Nashville, capital of Tennessee, lies almost in the center of the state on the Cumberland River. Thanks to its importance as a place of learning — the city boasts many universities and colleges — along with its superb reproduction of the Parthenon, it's often called the "Athens of the South" and is a delight to explore on foot. Founded in 1779, Nashville is perhaps best known as the capital of country music, as evidenced by such attractions as the Country Music Hall of Fame and the city's famous Music Row district. The city also serves as an excellent jumping-off point to explore the rest of Tennessee, and Nashville's surroundings offer many historical and recreational tourist attractions, including old plantations and Civil War sites.
ATTRACTIONS TO VISIT IN Nashville
1. Music Row
The area around Music Square is known as Music Row and is the heart and soul of the nation's music industry. Music Row is where you'll find such important landmarks as RCA Studio B, the recording facility credited as the birthplace of the unique "Nashville sound" that defined so many big hits of the 1960s. It's now a teaching facility, and tours can be arranged through the Country Music Hall of Fame and Museum.
For country fans, this is the place to come. In addition to numerous souvenir and memorabilia shops and museums devoted to music and musicians, there are many memorials and plaques dedicated to some of the sites associated with music.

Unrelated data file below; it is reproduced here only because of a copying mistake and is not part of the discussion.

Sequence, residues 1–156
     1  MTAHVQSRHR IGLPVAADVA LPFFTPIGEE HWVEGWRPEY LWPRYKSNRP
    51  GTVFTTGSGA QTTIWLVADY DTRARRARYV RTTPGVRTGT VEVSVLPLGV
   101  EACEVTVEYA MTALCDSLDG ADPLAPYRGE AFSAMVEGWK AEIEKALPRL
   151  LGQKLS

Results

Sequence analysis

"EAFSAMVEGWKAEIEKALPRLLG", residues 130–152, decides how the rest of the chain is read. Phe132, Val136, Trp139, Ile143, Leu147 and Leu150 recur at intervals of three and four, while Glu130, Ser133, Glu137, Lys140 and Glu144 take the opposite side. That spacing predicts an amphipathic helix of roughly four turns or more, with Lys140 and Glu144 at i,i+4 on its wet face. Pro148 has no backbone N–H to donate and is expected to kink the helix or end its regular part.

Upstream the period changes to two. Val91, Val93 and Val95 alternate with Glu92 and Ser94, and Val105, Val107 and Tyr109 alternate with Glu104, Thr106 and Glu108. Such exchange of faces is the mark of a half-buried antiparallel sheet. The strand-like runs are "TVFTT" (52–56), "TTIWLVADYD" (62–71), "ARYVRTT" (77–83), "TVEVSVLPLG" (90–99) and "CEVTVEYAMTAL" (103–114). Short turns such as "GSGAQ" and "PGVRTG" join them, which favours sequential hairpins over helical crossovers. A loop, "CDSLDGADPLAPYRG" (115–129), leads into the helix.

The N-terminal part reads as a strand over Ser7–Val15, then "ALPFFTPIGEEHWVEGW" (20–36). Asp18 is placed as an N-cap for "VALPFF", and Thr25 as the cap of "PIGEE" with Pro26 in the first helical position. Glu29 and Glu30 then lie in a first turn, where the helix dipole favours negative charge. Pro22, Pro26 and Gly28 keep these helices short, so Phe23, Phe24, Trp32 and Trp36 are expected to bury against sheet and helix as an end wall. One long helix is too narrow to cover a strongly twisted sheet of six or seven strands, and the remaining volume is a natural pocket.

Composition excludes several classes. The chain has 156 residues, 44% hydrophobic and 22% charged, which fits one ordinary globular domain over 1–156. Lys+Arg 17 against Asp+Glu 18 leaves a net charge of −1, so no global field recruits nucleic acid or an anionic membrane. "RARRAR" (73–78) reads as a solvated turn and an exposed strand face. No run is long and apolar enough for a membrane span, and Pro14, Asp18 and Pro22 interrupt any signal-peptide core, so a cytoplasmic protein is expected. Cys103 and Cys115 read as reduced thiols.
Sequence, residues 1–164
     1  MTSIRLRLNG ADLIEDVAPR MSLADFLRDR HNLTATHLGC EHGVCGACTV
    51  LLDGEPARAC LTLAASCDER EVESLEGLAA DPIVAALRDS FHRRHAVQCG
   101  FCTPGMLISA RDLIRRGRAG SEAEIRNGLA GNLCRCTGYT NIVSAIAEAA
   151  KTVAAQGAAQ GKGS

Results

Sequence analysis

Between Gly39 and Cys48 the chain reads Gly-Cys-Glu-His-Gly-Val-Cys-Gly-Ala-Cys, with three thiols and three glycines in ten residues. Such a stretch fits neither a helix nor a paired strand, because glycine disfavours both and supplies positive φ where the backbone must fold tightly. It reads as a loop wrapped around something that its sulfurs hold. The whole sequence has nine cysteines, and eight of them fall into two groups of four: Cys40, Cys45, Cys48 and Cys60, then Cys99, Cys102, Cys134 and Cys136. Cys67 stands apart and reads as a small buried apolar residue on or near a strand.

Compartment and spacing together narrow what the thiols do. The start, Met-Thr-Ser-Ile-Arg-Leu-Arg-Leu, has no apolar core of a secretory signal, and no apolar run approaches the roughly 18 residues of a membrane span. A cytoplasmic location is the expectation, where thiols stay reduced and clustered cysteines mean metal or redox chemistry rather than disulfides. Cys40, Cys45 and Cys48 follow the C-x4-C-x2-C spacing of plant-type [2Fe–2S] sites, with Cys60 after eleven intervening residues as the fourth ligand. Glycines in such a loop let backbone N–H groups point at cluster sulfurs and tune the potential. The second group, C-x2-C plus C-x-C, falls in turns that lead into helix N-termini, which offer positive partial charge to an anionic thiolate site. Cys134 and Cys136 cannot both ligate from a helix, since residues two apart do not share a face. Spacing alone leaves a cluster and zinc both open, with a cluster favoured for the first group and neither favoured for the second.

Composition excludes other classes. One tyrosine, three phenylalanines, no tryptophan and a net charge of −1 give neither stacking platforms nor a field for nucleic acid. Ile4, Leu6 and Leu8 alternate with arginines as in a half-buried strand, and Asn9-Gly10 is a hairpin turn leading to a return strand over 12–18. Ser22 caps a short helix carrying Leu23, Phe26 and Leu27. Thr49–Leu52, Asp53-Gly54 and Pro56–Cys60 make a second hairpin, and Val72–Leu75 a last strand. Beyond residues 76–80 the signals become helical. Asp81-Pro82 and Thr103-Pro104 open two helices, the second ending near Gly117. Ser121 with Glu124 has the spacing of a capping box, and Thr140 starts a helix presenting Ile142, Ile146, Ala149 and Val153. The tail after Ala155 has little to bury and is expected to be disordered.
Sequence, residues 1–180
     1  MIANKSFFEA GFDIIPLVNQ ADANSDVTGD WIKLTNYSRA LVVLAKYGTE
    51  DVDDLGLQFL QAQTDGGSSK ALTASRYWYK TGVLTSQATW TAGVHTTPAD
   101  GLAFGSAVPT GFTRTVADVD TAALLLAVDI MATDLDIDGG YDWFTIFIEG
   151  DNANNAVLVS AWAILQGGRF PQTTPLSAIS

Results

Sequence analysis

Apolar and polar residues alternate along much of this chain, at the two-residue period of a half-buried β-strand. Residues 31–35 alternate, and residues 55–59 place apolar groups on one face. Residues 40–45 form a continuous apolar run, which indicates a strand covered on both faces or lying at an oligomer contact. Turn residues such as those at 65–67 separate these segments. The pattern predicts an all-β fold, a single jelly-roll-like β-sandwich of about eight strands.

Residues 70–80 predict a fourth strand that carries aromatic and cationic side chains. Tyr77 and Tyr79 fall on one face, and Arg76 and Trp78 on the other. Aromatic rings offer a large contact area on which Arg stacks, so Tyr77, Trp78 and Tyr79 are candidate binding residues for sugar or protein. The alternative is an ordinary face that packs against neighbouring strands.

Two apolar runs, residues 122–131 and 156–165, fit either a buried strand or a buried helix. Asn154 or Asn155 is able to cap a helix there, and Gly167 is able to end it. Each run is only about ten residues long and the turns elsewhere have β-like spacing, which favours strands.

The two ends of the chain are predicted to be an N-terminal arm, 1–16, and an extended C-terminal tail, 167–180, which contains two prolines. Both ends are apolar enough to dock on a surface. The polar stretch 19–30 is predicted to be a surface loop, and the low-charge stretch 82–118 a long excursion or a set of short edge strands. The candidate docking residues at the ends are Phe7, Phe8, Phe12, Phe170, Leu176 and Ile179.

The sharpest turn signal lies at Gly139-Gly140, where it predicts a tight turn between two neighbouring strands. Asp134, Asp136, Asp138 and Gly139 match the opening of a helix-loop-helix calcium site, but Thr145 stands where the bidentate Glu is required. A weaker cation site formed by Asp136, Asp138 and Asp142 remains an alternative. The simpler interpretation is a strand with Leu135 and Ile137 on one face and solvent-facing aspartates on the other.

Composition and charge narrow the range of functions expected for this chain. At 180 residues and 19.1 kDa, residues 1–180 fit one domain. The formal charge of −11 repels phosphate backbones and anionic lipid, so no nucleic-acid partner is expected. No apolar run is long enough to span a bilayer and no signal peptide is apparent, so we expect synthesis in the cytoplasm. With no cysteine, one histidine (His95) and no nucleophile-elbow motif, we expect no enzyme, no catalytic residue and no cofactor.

2. The Nashville Parthenon
Nashville's most iconic landmark, the famous reproduction of Athens' Parthenon, is located in Centennial Park and is just a short walk west of the city center. Originally built of wood in 1897 to commemorate the state's centenary, it was later rebuilt in cement on the same site. Today, it stands as an impressively accurate full-scale replica of the original Greek temple.
Be sure to pop inside, too. Here, you'll find the city's impressive permanent art collection consisting of 63 works by 19th- and 20th-century American painters, along with a 42-foot-high replica of the statue of the goddess Athena Parthenos covered with gold leaf. Also worth seeing are the replicas of the famed 5th-century-BC Parthenon Marbles.
3. Andrew Jackson's Hermitage
The former home of America's seventh President, Andrew Jackson, is undoubtedly one of the most picturesque spots in Nashville. Located just a few minutes' drive east of the city center, The Hermitage was originally constructed in 1819 and fully rebuilt 25 years later after a devastating fire.
Now fully-renovated to look just as it would have during Jackson's time — he lived here from 1837 to 1845 — this splendid old mansion now houses a fascinating museum with numerous exhibits and displays focusing on both his private and public lives.
4. The Grand Ole Opry
A number of attractions are associated with the famous "Opryland" name, the former music-industry-themed amusement park that once graced Nashville. Today, the name is associated with the Grand Ole Opry, the paddle-wheel showboat the General Jackson, the Gaylord Opryland Resort and Convention Center, and the huge Opry Mills shopping mall.
Grand Ole Opry radio shows have been broadcast from here since 1925, and visitors can enjoy regular shows starring famous country stars in the Grand Ole Opry House itself, along with fun backstage tours.